The essential step toward this non-localized, undefined realization is to cut back on the proliferations of consciousness. This first involves contemplating the drawbacks of keeping consciousness trapped in the process of feeding. This contemplation gives urgency to the next steps: bringing the mind to oneness in concentration, gradually refining that oneness, and then dropping it to zero. The drawbacks of feeding are most graphically described in SN 12.63, A Son's Flesh. The process of gradually refining oneness is probably best described in MN 121, The Lesser Discourse on Emptiness, while the drop to zero is best described in the Buddha's famous instructions to Bahiya: "'In reference to the seen, there will be only the seen. In reference to the heard, only the heard. In reference to the sensed, only the sensed. In reference to the cognized, only the cognized.' That is how you should train yourself. When for you there will be only the seen in reference to the seen, only the heard in reference to the heard, only the sensed in reference to the sensed, only the cognized in reference to the cognized, then, Bahiya, there is no you in connection with that. When there is no you in connection with that, there is no you there. When there is no you there, you are neither here nor yonder nor between the two. This, just this, is the end of stress."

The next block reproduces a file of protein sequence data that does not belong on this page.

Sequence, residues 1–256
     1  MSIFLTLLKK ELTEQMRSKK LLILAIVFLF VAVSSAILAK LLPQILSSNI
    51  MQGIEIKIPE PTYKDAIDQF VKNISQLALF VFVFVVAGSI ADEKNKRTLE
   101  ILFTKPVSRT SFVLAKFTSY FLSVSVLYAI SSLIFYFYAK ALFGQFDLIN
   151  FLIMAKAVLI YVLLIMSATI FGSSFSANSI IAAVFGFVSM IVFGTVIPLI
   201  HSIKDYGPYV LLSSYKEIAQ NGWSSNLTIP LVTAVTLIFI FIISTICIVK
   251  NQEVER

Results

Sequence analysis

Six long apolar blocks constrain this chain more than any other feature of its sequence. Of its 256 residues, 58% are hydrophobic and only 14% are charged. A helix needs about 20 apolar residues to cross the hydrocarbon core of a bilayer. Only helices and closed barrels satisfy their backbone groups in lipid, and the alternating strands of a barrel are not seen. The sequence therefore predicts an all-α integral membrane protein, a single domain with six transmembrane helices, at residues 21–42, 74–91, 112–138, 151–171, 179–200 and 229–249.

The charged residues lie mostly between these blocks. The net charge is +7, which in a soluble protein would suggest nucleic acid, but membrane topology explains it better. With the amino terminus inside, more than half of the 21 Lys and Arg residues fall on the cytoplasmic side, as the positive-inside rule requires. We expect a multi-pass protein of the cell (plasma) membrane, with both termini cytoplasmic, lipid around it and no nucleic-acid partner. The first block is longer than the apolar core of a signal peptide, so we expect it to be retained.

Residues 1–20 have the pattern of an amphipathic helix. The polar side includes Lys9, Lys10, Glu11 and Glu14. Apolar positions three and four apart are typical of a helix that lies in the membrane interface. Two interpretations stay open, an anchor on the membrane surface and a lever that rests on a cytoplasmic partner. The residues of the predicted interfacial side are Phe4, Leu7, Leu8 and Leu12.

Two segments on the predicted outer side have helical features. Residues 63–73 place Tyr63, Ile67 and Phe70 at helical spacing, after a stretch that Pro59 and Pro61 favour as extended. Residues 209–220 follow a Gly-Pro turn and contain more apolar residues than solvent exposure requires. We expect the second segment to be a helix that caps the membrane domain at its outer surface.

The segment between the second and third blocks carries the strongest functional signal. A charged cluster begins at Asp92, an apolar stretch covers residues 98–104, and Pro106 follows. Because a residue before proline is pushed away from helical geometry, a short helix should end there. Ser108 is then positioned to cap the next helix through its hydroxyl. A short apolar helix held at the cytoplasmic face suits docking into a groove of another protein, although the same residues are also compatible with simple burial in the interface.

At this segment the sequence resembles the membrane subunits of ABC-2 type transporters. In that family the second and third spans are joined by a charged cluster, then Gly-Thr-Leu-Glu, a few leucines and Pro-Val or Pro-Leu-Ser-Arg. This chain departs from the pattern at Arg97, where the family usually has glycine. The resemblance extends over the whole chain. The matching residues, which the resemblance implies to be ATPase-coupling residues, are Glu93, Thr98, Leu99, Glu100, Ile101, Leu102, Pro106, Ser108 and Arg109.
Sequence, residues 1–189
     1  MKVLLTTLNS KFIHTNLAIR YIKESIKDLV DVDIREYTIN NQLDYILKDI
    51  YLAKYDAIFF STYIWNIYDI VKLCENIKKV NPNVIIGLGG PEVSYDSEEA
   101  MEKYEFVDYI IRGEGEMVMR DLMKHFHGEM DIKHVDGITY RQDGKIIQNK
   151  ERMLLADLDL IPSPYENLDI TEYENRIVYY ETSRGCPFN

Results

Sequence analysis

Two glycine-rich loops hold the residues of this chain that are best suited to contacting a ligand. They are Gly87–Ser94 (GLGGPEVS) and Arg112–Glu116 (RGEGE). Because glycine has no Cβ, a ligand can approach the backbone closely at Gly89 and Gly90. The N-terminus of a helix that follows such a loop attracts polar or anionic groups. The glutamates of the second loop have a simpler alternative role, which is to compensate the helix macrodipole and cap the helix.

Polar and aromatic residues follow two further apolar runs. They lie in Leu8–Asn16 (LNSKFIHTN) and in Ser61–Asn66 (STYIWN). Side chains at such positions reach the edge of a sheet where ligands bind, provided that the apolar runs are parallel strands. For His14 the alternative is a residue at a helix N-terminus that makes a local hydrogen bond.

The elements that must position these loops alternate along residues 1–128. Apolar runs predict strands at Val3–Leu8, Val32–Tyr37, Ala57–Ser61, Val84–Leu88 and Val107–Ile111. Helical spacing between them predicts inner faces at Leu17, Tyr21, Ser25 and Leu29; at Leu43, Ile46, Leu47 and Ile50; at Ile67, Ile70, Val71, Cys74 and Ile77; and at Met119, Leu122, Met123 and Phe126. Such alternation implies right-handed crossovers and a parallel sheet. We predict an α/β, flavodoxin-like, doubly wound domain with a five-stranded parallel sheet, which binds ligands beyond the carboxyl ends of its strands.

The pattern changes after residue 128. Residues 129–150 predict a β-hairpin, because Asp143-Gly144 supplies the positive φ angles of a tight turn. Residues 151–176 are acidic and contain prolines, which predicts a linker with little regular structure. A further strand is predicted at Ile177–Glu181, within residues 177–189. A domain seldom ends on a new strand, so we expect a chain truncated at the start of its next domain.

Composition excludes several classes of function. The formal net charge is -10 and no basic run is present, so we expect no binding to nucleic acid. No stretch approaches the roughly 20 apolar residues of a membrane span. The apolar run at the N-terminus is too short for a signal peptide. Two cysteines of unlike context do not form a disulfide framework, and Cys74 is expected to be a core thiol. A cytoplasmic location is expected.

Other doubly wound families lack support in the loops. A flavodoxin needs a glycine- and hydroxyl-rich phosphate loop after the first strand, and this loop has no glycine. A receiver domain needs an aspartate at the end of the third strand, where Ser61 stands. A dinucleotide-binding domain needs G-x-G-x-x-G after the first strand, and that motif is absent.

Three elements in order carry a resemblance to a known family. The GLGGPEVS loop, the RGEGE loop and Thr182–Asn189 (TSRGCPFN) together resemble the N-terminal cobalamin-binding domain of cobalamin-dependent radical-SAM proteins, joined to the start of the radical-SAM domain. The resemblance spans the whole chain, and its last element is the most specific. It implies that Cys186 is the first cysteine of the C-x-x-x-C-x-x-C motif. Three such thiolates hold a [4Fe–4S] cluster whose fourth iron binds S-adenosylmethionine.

With no here or there or between the two, you obviously can't use the verb "enter" or "reach" to describe this realization, even metaphorically. Maybe we should make the word nirvana into a verb itself: "When there is no you in connection with that, you nirvana." That way we can indicate that unbinding is an action unlike any other, and we can head off any mistaken notion about getting "stuck" in total freedom.

Related Readings

"All beings subsist on nutriment." [Khp 4]

Then Ven. Radha went to the Blessed One and, on arrival, having bowed down to him sat to one side. As he was sitting there he said to the Blessed One: "'A being,' lord. 'A being,' it's said. To what extent is one said to be 'a being'?"

"Any desire, passion, delight, or craving for form, Radha: when one is caught up (satta) there, tied up (visatta) there, one is said to be 'a being (satta).'

"Any desire, passion, delight, or craving for feeling... perception... fabrications... consciousness, Radha: when one is caught up there, tied up there, one is said to be 'a being.'"

SN 23.2

"If one stays obsessed with form, that's what one is measured (limited) by. Whatever one is measured by, that's how one is classified.

"If one stays obsessed with feeling...

"If one stays obsessed with perception...

"If one stays obsessed with fabrications...